What To Eat in Iowa
In Iowa, an “Iowa Pork Chop” isn’t just from local hogs. It is two or three times thicker than a pork chop from anywhere else, and its creamy goodness is beyond compare. Likewise, cinnamon rolls, available in virtually every restaurant, are immense. Iowa is also a nexus of the lower Midwest’s beloved tenderloin sandwich, and it is the custom in here to flatten a slab of tenderloin so it fries up three or four or five times wider than the bun that sandwiches it. Pies are blue-ribbon quality, too, especially that dairy country fave, sour cream raisin pie – a delirious balancing act of sweet and tangy.
In Iowa, a tenderloin is a bunned sandwich for which a slice of pork is pounded thin, breaded and fried to a crisp. Girth is a big issue, some cutlets pounded out so wide that the sandwich is literally impossible to hold. But a super-thin tenderloin runs the risk of frying dry. Excellence is built upon a fine balance: a vast amount of crisp, crunchy crust, but a ribbon of pork within that is thick enough to remain juicy. Traditionally, tenderloins are garnished with mustard and pickle chips with the option of lettuce and tomato.
Outside of Iowa, a pork chop all too often is a triangle of meat about as thick as a slice of Wonder Bread and, sadly, sometimes as chewy as a dog toy. A true Iowa pork chop is as thick as a regal filet mignon; but it is broader by a factor of four, reminding one of a whole rack of lamb. Its inside spurts and sputters as a knife glides down through the caramel-colored crust and into the vast lode of meat. It might come topped with extremely savory pan gravy, which is less for the chop itself, which needs nothing but eager taste buds to attain its destiny, than for the great reef of mashed potatoes that accompany the chop on its plate.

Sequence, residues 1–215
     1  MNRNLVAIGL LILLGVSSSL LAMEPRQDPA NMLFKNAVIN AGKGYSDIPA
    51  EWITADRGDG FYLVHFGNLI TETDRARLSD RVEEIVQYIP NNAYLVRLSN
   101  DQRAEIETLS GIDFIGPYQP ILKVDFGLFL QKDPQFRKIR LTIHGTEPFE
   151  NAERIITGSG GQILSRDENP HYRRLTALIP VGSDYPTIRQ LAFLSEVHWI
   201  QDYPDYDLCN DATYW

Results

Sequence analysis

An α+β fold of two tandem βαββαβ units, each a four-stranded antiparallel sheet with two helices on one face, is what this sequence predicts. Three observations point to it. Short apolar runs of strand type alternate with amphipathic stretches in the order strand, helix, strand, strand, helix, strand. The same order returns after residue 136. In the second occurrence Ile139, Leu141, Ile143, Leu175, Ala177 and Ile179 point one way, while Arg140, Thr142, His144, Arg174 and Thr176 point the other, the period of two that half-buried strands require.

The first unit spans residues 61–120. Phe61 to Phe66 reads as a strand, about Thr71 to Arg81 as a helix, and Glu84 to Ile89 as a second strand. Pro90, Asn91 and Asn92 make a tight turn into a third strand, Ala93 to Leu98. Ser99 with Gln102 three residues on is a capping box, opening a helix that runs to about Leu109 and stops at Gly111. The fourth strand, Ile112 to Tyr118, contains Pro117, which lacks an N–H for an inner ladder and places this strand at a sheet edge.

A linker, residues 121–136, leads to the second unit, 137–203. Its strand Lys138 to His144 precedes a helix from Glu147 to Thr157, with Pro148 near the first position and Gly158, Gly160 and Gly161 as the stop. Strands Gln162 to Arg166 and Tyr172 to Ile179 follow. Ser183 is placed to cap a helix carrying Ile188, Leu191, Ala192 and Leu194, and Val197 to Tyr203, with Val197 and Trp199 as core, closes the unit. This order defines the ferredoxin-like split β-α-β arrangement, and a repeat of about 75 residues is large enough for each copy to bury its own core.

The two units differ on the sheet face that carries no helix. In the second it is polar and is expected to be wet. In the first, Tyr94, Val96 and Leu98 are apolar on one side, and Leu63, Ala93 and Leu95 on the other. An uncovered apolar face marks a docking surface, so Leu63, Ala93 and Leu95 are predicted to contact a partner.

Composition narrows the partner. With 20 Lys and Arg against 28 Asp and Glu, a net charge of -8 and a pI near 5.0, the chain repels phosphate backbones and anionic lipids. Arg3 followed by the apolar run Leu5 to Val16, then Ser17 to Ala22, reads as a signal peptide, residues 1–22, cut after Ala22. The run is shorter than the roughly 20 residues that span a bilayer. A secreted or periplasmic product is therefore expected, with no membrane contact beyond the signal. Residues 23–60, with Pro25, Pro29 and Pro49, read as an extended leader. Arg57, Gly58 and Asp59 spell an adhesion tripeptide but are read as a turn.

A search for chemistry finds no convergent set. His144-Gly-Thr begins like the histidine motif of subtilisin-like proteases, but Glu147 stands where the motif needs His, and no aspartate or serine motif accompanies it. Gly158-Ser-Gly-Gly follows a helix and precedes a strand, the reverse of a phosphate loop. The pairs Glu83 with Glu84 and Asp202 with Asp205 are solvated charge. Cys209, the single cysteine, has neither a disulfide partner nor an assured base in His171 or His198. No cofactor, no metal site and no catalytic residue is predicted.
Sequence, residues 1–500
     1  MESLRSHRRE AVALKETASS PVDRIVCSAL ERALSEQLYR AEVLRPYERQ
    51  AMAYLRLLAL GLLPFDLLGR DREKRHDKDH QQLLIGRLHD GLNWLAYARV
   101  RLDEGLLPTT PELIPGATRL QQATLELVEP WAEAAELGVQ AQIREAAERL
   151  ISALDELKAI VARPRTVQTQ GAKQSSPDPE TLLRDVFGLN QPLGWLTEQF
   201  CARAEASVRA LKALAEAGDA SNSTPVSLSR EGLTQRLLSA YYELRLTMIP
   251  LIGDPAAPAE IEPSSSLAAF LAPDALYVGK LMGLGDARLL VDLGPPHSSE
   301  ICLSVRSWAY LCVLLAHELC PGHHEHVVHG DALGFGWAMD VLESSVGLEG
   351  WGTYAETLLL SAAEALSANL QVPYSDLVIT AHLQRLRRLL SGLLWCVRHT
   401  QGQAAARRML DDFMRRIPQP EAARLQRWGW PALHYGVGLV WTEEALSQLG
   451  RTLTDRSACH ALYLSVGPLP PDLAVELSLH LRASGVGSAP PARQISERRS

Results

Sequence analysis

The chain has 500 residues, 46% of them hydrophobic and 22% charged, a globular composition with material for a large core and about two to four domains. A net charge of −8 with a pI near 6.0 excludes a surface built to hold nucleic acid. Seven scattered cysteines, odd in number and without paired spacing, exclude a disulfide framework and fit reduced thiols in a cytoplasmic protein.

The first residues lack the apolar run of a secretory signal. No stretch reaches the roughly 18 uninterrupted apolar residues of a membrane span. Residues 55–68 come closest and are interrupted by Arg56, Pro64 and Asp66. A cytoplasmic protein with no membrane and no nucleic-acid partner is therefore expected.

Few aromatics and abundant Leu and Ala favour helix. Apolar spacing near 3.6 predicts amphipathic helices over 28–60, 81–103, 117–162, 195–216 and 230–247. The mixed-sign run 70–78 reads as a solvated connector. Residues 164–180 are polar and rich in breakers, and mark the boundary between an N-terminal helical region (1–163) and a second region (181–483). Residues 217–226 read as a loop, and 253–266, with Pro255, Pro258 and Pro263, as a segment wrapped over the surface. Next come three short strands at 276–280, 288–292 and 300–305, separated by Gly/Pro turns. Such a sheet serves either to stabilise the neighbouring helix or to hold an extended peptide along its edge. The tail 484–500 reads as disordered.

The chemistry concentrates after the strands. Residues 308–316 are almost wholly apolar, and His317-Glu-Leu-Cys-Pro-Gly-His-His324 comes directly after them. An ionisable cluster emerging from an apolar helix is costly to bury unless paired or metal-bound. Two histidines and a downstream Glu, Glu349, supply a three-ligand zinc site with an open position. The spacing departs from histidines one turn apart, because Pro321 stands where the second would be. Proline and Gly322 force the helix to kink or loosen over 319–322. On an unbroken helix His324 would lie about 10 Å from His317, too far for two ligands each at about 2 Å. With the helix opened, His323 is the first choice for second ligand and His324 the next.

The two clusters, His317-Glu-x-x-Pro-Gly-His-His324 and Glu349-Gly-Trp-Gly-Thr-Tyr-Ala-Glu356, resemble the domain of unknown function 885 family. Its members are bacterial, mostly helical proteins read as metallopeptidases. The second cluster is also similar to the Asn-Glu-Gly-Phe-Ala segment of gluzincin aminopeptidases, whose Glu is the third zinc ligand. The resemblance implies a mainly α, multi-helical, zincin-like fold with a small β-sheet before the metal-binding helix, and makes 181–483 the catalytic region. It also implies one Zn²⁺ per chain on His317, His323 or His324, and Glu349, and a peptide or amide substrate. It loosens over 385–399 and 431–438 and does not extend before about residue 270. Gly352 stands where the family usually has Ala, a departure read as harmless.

Back in the 1920s when Americans worried about the ill-effects of frying meat, a Sioux City tavern owner created what became known as a tavern: well-seasoned ground beef that is steam-cooked to become a mound of pebbly succulence. Sioux Citians became smitten with the sandwich, which over the years has assumed many aliases, including Big T, Charlie Boy, Tastee and, most popular of all, loosemeats. There's a local pride in loosemeats, which is served by virtually every drive-in restaurant and bar throughout the counties of Sioux, Plymouth, Cherokee, and Woodbury.
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Since 1903, Sykora Bakery has been the place to go in Cedar Rapid's Czech Village for outstanding kolaches and kolacky cookies.
What some Iowans call loosemeats or Maid-Rite is known in Ottumwa as a canteen. Have the crumbled beef sandwich with a rich milkshake and homemade pie.
Jesse's Embers of Des Moines, Iowa, cooks steaks on an aromatic charcoal grill and serves them with great onion rings and expertly-made cocktails.
Plate-wide pancakes put the Grove Cafe of Ames, Iowa, on the Roadfood map. For hearty meals with lots of local color, it's a restaurant experience not to miss.
Tastee Inn & Out is a drive-in serving the northwest Iowa beef sandwich known as a loosemeats, plus delicious fried onion chips with creamy dipping sauce.
The most famous things made at Jaarsma Bakery of Pella, Iowa, are Dutch letters – giant-size pastries in the form of the alphabet.
Cinnamon buns for breakfast, tenderloins & Dutch salad for lunch and always cream pie for dessert: the Coffee Cup Cafe of Sully, Iowa, is a Midwest dream.
Indulge in a turtle sundae, shake, malt, or soda. The ice cream is Bauder's own, the flavor rotation including fresh strawberry and peach in summer months.
In Northwest Iowa, taverns (loosemeats) are more popular than burgers. They're at their best at the Miles Inn, which calls them Charlie Boys.